Welcome to Consumers’ Notebook, where we feature news-you-can-use and other timely information to help you become a more informed consumer. Check back often to read the latest pieces in our Notebook.
When you buy a product and it breaks, your ability to repair it is often limited or prevented by the manufacturer or seller. The Federal Trade Commission announced it's going to fix this broken system by cracking down on illegal repair restrictions.
The FTC is trying to return $125 million to victims who wired money to con artists between 2013 and 2017 using MoneyGram. That money is part of a 2018 settlement with the FTC and Department of Justice.
“Made in USA” claims are often meaningless and sometimes outright deceptive. This month the Federal Trade Commission finalized a new rule to crack down on marketers using false labeling about where their products were made.
You may be in for an unpleasant surprise when you go car shopping these days. Due to a shortage for many popular makes and models, it could be more difficult to find the vehicle you want at a price you can afford.
Here’s some good news for families who will qualify for the Child Tax Credit on their 2021 federal tax return: The credit is bigger, and the money is being sent out now.
It’s easy to make mistakes when paying on your phone and difficult to get help if something goes wrong.
The travel industry has a solution for those who want to book a vacation but have limited budgets: Buy now, pay later (BNPL) financing. These plans can help with cash flow, and they are easy work-arounds for those who don’t have credit cards. But as with all financing options, it’s important to read the fine print.
A unique study by Consumer Reports, released this week, found that errors in credit reports are all too common.
Most shoppers don’t notice when packaged goods are downsized ever so slightly. This inconspicuous shrinkage—fewer sheets on a roll of toilet paper, skinnier paper towels, and less coffee in the can—has been going on for decades. And there’s no end in sight.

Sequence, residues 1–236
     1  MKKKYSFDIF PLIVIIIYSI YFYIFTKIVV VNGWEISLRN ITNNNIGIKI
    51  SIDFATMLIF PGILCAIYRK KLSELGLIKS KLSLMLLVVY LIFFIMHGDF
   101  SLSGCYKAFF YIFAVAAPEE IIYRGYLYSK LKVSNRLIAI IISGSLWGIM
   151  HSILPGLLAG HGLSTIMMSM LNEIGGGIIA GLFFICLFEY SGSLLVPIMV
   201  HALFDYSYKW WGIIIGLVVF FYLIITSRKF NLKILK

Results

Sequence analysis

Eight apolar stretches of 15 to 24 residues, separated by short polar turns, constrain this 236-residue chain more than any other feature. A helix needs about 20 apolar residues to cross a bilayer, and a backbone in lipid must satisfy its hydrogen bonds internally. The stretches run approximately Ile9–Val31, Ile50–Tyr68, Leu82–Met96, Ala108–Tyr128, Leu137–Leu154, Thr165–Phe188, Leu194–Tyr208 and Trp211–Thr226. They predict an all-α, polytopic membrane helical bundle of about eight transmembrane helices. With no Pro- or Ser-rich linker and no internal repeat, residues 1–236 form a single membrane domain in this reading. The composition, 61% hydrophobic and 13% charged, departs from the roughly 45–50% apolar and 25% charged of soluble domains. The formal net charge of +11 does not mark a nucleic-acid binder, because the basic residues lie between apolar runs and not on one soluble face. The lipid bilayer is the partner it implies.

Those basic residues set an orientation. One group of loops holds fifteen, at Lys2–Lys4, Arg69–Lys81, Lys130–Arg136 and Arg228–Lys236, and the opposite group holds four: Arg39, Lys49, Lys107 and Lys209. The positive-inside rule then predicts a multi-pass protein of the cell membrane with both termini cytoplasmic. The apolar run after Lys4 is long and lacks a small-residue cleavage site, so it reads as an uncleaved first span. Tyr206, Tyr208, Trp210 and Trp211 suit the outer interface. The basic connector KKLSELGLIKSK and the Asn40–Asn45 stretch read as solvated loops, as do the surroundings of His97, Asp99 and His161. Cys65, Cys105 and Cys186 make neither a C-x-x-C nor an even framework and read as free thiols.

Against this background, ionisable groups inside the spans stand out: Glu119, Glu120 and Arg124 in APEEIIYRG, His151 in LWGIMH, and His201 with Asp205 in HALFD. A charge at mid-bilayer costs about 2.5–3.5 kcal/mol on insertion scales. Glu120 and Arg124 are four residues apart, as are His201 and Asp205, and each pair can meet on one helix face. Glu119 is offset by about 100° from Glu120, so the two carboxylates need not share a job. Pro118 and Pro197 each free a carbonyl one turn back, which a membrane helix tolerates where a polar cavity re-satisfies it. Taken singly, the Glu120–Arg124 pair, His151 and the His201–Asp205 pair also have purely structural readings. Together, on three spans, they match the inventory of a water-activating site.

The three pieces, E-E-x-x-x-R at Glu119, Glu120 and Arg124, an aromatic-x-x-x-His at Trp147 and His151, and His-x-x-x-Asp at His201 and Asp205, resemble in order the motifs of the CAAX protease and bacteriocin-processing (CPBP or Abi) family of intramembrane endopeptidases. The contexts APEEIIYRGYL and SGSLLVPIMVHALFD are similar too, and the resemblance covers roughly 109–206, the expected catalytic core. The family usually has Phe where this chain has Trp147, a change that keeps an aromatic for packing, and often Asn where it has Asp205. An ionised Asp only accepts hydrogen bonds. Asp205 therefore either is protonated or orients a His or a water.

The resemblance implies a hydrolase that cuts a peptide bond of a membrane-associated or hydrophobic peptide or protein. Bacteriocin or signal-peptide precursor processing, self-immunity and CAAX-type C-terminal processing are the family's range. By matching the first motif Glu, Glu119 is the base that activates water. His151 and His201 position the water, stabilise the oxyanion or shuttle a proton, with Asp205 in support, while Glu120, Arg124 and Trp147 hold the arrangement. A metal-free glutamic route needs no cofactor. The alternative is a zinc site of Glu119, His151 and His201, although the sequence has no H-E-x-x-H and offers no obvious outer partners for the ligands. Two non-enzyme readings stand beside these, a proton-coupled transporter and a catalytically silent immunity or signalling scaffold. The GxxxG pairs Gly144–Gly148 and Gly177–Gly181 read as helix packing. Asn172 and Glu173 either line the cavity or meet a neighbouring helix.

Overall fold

Cryptocurrency investment schemes have skyrocketed during the pandemic, as criminals leverage this gold-rush mentality, promising huge returns in just days or weeks.
Consumer Reports and the Insurance Institute for Highway Safety (IIHS) have combined their data to create an updated list of recommended used cars for teens.
Simply deleting unwanted files, and emptying the recycle bin, does not permanently destroy that data. Here’s how to do that.
Starting today, the Federal Communications Commission’s Emergency Broadband Benefit Program will provide financial assistance to families who need help paying for internet access or buying a computer.
When selecting vehicles and loan terms, most consumers focus on monthly payments. It seems like a simple way to make sure the car and financing fits their budget. But it can be a pricey mistake.
Fraudsters have figured out another way to exploit the pandemic. They’re sending out emails and text messages asking people to complete a bogus COVID-19 survey about the Pfizer, Moderna, or Johnson & Johnson vaccines. There’s even a fake survey for AstraZeneca, which hasn’t even been approved for use in the U.S.
Due to unprecedented lack of inventory and significantly higher-than-expected demand, rental car prices are sky-high at many vacation destinations across the country. And the problem is expected to get worse.
On April 12, the Federal Emergency Management Agency (FEMA) started a reimbursement program to help those who lost loved ones in the pandemic. It will help cover the costs for funeral services and interment or cremation, up to $9,000.
Consumer advocates, including Checkbook, want the federal government to require funeral homes to disclose their prices online.
The pandemic did what consumer advocates could never accomplish. It forced the major U.S. airlines to drop their dreaded “change fees” that penalized customers who rescheduled travel dates on nonrefundable tickets. But starting March 31, airlines will begin to reintroduce these steep fees for basic economy ticket holders.
The $1.9 trillion COVID stimulus package, which President Biden signed into law on March 11, provides a tax break for the millions of Americans who received unemployment compensation last year.